That's another great question. I would say again, that there were internship hosts that were really eager to step into the space, and be some of those spaces for our young people. I think that all you can really ask for at this moment are opportunities and access. And that's The BrandLab's mission, creating accessible opportunities for our BIPOC talent. And we're growing. That's what gives me hope. We have huge goals to reach, but we already have agencies like Yodelop who recognize that they want to be part of that growth. I think those things are really important. They give me hope. They give our young people hope because there are opportunities truly set aside for them to not only learn about these spaces, but to have equitable wages in those safe spaces for them to learn and grow in, and access to vast careers within marketing and advertising. That definitely gives me hope.
Early Career Development in the Marketing Industry
You’ve talked about opportunities you had to be with and walk with young people, and to help guide them. That really sounds like a major source of hope. Definitely. You had 30 interns this year. Where did they come from? What age range and educational level?
So, historically, we provide programming for high school juniors and seniors and then all grade levels for college. In Milwaukee, we dug a little deeper. We had a high school sophomore this summer and we also had an Opportunity Youth, which is a young person between the ages of 16 and 24, sometimes 25, who is out of school and out of work. This older youth was really thinking about going back to school after the internship. So not only did this internship create an opportunity for them to get an equitable wage, but it also opened up their mind to say, okay, going back and getting some additional education could and would be really valuable for my future growth.
At Quad, where we’ve had a few interns, we were doing our site visit two weeks ago, and they were telling us about a photo shoot the day before and how their experience has been unique almost every day. They told us that the day before one of them got to take pictures of dogs. And I thought that was the funniest thing in the world because they were like, we had no idea that we were ever going to get to shoot animals! I think this shows the diversity of opportunities in marketing and advertising — how each day can be exciting and very different than the last.
Another Quad intern got to make a logo as one of their projects for Quad’s health and wellness projects. It was for a 5K race, and the intern got to not only design but see their logo imprinted on water bottles. They got to see their logo on T-shirts. They were really proud of the opportunity to apply the things they learned. A very practical application of their skills. I think that was a really unique opportunity for that intern.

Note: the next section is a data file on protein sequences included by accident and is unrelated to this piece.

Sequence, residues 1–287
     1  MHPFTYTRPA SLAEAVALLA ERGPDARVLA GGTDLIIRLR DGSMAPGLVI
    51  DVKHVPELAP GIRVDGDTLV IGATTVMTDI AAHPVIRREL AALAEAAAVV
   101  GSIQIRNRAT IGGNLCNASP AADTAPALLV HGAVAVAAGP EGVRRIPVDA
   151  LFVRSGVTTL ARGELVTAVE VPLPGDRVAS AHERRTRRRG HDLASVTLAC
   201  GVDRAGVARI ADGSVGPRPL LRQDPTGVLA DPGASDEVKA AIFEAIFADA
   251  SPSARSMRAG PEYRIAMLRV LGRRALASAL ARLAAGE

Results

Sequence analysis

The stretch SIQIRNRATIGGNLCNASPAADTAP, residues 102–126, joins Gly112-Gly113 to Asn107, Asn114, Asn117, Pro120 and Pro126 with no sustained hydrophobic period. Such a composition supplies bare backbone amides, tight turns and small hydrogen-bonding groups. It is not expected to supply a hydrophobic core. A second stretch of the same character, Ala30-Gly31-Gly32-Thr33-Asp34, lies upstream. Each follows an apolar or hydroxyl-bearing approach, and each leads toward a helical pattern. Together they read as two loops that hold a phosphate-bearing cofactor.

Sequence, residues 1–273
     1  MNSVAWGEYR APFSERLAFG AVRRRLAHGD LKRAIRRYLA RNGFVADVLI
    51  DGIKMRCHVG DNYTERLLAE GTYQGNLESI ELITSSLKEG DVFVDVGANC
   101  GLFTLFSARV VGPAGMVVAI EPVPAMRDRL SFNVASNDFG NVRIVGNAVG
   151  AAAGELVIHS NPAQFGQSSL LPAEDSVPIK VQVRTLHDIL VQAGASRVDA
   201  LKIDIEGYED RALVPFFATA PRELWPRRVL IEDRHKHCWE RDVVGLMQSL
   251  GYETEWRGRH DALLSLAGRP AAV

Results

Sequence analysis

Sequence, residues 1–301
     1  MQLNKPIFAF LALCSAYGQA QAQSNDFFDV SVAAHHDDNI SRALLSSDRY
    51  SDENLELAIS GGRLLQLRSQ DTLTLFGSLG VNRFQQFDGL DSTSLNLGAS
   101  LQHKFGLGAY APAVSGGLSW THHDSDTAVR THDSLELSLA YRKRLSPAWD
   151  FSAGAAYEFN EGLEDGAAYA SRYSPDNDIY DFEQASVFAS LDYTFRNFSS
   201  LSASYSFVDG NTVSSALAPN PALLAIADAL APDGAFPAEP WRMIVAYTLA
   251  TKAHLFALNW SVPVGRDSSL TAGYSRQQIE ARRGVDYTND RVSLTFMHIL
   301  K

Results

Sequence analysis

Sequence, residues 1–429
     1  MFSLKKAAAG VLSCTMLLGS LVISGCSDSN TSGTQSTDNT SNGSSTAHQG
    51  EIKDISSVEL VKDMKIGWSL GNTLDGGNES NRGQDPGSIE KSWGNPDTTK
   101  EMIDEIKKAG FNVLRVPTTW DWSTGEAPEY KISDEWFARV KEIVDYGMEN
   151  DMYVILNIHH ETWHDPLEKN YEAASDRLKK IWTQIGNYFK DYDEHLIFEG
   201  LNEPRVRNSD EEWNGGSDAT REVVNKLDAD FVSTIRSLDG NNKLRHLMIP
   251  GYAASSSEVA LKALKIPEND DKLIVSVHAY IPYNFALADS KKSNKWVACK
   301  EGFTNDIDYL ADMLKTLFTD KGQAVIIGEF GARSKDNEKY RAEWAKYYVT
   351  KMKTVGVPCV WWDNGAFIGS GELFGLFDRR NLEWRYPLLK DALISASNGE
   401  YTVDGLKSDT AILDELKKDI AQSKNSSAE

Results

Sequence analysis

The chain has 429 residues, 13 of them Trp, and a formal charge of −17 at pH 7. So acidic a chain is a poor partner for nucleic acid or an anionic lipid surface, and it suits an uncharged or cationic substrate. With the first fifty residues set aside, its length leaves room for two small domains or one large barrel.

And I believe that intern's going to wear that T-shirt at our end-of-summer celebration. It's not just about theory or creating something, but also about having something to show for your work. It’s such a unique thing that you get in marketing and advertising, even at the internship level.
Engaged by the Impact of Their Work
Are there any other stories you’d like to share?
One of our interns, from our high school cohort, got to create a project for a mental health organization. And I'll never forget what they shared: that going through this process showed them the importance of mental health and how it's vital to share with other people and remove the stigma and the negative connotations around getting support for mental health. What a really amazing thing to be able to share, because it not only impacted them, but it created opportunities to support others in the future.
Isn't the range of your stories telling, because that's just what we need as people. Everything from being able to have some artistic expression in our work — when you're working on logo development or doing a dog shoot — that's creative and artistic, and we need that. We have basic needs, but entrepreneurial ones too: being part of selling something that can be really fun. We need that. It’s like mental health, too, and being able to be yourself, to share yourself, and to have that validated in the workplace. Wow. Marketing and advertising is pretty amazing. You can do all those things in this field. It’s really incredible how your organization is opening doors to more people and to communities that have been shut out of the professional world.
Thank you, again, for sharing your thoughts and insights and time.
It’s been a pleasure. I appreciate you.